Water marks on the ceiling or walls. This could signal a leaking roof, gutters rusting, or faulty plumbing – all leading to wood rot and other possible destruction. All can be fixed but you’ll need to determine the extent of the damage.
Cracks in the wall and sloping floors. Both could point to possible structural and foundation issues, which can be costly depending on the age of the home. You can get another inspection with a professional who specializes in foundation issues.
Faulty and outdated wiring. This can be a serious fire hazard and you’ll have to consider the cost to fix and update. Inspectors should check for overloaded circuits and proper grounding. If you are looking to do a lot of renovations to an older home, make sure it has enough electrical amperage coming into the home.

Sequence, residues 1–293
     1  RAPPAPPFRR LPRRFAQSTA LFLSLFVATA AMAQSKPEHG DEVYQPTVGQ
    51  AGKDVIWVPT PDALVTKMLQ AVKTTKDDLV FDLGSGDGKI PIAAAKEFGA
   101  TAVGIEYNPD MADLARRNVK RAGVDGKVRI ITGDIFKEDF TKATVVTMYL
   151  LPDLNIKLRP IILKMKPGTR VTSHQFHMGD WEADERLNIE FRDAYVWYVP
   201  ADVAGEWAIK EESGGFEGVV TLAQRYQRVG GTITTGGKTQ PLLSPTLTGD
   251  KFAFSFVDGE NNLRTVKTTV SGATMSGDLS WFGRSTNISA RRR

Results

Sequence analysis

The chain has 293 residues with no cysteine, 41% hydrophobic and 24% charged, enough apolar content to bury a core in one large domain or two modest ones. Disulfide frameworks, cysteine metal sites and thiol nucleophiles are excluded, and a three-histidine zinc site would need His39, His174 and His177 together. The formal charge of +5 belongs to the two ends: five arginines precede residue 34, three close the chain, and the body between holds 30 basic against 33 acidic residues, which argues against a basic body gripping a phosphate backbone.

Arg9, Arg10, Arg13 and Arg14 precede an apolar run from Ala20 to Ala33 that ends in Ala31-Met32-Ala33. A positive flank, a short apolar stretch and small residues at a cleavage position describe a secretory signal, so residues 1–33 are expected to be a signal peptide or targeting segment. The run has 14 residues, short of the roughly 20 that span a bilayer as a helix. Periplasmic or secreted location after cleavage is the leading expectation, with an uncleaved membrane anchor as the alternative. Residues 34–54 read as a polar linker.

Be a detective during home tours
Sometimes you’ll walk into a room and feel like something is not right. Be a detective and examine the home carefully. Do you notice any of these things?
- A solitary freshly painted wall could be hiding mildew, mold or water damage.
- Too many air fresheners or scented candles could be masking a strong odor from pets, smoke, or musty mold.
- An oddly placed rug or piece of furniture could be hiding damaged floors or carpeting.
- Windows and doors not opening and shutting properly? Could be a sign of foundation settling… Go around and open and close them to double check!
Neighborhood: stable or transitioning?
You want to buy into a neighborhood that will retain and grow its value. How do you know?
If it’s a transitional-type neighborhood, make sure it’s an up and coming one and not declining in value. Sometimes it’s hard to tell by just looking so I can go over current sales activity to give you a more complete picture. Are prices going down or up? How long are properties on the market? Are homes selling for more than the asking price?
Sometimes you can get a good deal if a neighborhood is transitioning. This could be a great opportunity to get in to your first home before it takes off.